A Palm Beach County election worker counts ballots in Riviera Beach, Fla., on Nov. 9. Rep. Allen West contested the results of the election in Florida's 18th District for two weeks before conceding. Since 2000, the number of contested elections has more than doubled.
After two weeks of dispute with St. Lucie County elections officials, Florida Rep. Allen West conceded the race for Florida's 18th Congressional District to Democrat Patrick Murphy on Tuesday.
Allen's post-election battle was the most high-profile this year, but the phenomenon is by no means unusual. In today's political climate, candidates don't like to concede, even after the votes have been counted. Increasingly, they are taking their cases to the courts, says Joshua Douglas, an assistant professor of law at the University of Kentucky.
Originally published on Tue December 4, 2012 5:20 pm
Talk about your snake-bitten congressional districts.
The Thanksgiving-eve news that Rep. Jesse Jackson Jr. was resigning from Congress after reports that he has bipolar disorder and is the subject of a criminal probe of his spending of campaign funds, is just the latest in a series of bad endings for those who have represented Illinois' 2nd Congressional District in Washington.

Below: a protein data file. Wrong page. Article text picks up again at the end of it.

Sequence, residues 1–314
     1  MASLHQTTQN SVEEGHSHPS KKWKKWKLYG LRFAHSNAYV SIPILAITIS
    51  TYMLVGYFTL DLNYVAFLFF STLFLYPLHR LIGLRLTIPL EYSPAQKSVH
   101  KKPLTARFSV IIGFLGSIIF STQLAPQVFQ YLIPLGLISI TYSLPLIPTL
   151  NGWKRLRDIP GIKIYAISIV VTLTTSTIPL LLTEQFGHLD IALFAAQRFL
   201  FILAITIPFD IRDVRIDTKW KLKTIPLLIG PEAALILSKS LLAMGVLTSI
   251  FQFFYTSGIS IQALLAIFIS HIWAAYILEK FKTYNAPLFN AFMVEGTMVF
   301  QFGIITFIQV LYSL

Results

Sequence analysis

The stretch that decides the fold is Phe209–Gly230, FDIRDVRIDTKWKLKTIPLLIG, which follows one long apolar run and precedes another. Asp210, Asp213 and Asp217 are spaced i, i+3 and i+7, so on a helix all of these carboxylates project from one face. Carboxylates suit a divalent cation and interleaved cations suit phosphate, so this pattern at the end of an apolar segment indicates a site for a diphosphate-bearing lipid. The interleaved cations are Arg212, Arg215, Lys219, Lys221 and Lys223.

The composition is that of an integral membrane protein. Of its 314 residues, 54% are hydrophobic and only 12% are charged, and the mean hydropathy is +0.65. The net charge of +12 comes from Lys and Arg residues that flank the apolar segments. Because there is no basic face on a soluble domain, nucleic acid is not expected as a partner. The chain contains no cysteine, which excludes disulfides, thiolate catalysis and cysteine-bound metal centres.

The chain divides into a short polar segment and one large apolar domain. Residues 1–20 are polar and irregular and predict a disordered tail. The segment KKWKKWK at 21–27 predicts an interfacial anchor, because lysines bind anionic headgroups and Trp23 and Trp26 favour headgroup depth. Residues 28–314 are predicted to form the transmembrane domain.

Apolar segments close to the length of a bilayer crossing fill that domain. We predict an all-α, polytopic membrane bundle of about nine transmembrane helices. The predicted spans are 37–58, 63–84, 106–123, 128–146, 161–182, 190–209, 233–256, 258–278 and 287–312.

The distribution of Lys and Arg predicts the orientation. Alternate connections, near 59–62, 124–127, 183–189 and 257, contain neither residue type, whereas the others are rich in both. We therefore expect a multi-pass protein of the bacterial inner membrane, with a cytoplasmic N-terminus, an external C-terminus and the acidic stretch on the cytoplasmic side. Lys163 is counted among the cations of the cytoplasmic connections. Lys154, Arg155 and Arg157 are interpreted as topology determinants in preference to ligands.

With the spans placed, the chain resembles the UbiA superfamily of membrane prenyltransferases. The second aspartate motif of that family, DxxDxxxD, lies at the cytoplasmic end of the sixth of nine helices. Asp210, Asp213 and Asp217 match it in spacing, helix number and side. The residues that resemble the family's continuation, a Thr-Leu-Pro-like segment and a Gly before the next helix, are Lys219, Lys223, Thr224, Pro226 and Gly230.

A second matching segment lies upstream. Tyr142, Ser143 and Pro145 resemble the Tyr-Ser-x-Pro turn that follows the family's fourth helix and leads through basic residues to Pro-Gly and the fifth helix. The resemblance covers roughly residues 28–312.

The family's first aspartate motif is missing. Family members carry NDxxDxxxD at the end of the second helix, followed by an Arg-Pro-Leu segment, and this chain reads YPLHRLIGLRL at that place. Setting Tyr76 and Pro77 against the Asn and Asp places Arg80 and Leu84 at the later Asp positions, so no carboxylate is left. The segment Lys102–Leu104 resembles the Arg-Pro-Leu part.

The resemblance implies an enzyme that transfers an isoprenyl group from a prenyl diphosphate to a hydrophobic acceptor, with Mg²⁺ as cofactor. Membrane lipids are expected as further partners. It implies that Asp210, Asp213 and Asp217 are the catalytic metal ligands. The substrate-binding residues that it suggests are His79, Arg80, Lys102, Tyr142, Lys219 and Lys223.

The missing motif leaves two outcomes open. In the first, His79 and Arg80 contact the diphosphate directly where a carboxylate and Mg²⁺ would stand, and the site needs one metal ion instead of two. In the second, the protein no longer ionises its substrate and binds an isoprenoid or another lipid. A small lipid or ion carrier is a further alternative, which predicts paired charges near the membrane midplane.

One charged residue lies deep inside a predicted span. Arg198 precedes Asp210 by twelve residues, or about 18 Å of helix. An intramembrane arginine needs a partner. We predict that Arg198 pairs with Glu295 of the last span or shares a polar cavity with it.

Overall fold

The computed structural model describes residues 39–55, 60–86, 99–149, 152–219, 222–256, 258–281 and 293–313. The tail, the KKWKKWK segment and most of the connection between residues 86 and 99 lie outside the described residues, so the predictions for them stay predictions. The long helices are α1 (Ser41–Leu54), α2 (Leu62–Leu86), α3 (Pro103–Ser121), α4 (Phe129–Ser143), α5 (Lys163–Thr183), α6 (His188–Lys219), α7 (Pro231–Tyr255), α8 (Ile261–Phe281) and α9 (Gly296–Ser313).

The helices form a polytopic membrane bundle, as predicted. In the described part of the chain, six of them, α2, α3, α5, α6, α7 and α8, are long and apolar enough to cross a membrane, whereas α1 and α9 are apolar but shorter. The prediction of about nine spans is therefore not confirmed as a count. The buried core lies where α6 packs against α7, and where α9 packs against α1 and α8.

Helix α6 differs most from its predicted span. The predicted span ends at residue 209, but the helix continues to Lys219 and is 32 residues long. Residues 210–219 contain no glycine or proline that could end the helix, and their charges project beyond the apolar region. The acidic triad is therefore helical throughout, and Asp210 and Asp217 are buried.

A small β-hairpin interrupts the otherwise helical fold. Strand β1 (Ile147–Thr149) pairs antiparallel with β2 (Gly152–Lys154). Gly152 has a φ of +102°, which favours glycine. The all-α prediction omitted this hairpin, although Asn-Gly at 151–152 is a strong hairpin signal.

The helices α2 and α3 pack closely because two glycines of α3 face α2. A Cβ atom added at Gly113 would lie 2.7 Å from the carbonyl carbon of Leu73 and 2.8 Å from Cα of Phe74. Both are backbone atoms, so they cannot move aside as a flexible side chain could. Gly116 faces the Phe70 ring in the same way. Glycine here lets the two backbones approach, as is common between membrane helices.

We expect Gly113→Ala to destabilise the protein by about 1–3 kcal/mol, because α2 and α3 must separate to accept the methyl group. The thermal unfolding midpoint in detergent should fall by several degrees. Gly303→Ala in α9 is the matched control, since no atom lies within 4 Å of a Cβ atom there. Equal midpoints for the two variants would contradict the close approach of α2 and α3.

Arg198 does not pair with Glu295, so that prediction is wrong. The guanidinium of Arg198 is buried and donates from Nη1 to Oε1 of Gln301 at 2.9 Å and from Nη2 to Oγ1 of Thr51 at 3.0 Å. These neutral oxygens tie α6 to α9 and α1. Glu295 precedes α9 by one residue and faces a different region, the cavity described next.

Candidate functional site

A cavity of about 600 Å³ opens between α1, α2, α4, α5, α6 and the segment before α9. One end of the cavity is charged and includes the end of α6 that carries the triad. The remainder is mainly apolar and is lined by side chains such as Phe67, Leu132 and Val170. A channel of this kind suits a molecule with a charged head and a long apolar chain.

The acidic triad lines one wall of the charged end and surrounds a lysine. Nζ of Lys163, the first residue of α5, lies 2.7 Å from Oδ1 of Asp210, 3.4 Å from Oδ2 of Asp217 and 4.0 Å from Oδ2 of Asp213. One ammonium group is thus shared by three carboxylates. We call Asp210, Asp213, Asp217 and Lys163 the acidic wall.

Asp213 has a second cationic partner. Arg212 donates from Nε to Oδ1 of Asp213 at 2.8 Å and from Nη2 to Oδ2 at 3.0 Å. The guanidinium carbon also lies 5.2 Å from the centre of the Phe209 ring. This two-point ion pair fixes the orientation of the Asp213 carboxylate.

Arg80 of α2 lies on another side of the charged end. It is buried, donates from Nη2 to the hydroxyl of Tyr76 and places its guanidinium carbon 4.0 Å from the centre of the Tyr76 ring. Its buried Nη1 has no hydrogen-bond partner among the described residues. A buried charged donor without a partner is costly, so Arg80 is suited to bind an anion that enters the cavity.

A mammographer prepares a screen-film mammography test for patient Alicia Maldonado at a hospital in Los Angeles.
Credit Damian Dovarganes / AP
Over the last three decades, diagnoses of early-stage breast cancers soared, largely due to routine mammogram screening. But the incidence of late-stage cancers declined only slightly. That leads some to question whether mammograms are really doing what they're supposed to — catching early cancers before they progress.
The endless debate over routine mammograms is getting another kick from an analysis that sharply questions whether the test really does what it's supposed to.
Dr. H. Gilbert Welch, coauthor of the analysis of mammography's impact, which was just published in The New England Journal of Medicine, tell Shots that the aim was to "get down to a very basic question."